Well rested athletes will show a consistent heart rate between measurements, but Rusko found a marked increase (10 beats/minutes or more) in the 120 second-post-standing measurement of athletes on the verge of overtraining. Such a change may indicate that you have not recovered from a previous workout, are fatigued, or otherwise stressed and it may be helpful to reduce training or rest another day before performing another workout.

A training log that includes a note about how your feel each day can help you notice downward trends and decreased enthusiasm. It’s important to listen to your body signals and rest when you feel tired.

You can also ask those around you if they think you are exercising too much.

While there are many proposed ways to objectively test for overtraining, the most accurate and sensitive measurements are psychological signs and symptoms and changes in an athlete’s mental state. Decreased positive feelings for sports and increased negative feelings, such as depression, anger, fatigue, and irritability often appear after a few days of intensive overtraining. Studies have found increased during exercise after only three days of overload.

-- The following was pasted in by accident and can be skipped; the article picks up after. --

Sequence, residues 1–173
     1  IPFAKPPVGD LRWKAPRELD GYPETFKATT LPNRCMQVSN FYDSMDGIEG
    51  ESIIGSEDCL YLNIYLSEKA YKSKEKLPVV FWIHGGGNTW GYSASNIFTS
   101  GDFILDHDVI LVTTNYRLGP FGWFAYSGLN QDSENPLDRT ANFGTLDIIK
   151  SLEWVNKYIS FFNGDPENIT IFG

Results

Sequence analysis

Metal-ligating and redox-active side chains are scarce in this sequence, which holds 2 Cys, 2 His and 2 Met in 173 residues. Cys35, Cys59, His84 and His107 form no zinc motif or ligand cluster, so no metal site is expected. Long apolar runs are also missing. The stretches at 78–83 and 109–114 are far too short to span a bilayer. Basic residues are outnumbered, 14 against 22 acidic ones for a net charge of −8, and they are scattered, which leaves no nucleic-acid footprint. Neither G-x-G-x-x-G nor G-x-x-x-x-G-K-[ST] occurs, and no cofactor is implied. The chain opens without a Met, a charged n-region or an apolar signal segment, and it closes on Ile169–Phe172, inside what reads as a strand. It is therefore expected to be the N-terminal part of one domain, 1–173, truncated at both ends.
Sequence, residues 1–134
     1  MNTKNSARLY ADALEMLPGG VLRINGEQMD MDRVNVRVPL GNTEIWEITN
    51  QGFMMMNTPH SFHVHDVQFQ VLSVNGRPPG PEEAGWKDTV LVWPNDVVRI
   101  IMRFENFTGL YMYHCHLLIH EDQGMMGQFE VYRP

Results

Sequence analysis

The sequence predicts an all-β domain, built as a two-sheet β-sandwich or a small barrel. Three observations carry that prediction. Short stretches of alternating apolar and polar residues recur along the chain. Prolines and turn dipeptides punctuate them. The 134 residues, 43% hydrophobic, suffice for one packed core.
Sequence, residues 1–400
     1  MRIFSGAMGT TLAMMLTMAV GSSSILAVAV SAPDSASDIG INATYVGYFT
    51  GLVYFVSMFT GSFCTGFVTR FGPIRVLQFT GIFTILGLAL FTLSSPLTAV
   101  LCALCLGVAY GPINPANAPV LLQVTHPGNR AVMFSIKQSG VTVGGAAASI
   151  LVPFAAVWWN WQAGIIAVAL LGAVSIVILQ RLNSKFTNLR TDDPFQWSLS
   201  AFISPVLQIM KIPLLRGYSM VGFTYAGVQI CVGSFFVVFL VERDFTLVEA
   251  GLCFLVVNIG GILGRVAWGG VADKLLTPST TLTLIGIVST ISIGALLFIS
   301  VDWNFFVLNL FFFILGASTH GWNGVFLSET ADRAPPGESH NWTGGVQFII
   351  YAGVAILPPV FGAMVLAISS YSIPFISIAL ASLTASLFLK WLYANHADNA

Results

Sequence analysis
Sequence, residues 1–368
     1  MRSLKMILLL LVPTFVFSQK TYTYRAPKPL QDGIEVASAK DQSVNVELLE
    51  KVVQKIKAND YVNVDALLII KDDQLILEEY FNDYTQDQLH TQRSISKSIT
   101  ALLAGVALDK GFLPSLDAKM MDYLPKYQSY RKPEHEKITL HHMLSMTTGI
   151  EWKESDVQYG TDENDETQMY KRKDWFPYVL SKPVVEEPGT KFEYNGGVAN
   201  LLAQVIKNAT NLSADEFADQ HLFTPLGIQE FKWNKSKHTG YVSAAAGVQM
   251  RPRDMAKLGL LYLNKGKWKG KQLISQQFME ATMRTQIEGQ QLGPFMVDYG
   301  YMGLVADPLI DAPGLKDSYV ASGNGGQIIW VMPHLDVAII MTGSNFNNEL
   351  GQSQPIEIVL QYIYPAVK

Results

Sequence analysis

Research on overtraining syndrome shows rest is the primary treatment plan. Some new evidence indicating that low levels of exercise () during the rest period will speed recovery. . Total recovery can take several weeks and includes proper nutrition and stress reduction.

The subjective assessments, and mental state of an athlete is clearly the most reliable indicator of overtraining. Unfortunately, most athletes ignore these signs or wait too long before doing something. An important component of exercise is to objectively measure your training and modify it before damage is done.


Uusitalo, A.L.T., Tahvanainen, K.U.O., Uusitalo, A.J., Rusko, H.K.: Does increase in training intensity vs. volume influence supine and standing heart rate and heart rate variability. Overtraining and Overreaching in Sport – Congress, Memphis, Tennessee, 1996.

Uusitalo, A., Hanin, Y., Rusko, H.: Effect of exhaustive training on mental state, autonomic regulation and hematological parameters. Int. Congress on applied research in sports, Helsinki, 1994.

Kirwan JP, Costill DL, Flynn MG, et al: Physiological responses to successive days of intense training in competitive swimmers. Medicine and Science in Sports and Exercise 1988;20(3):255-259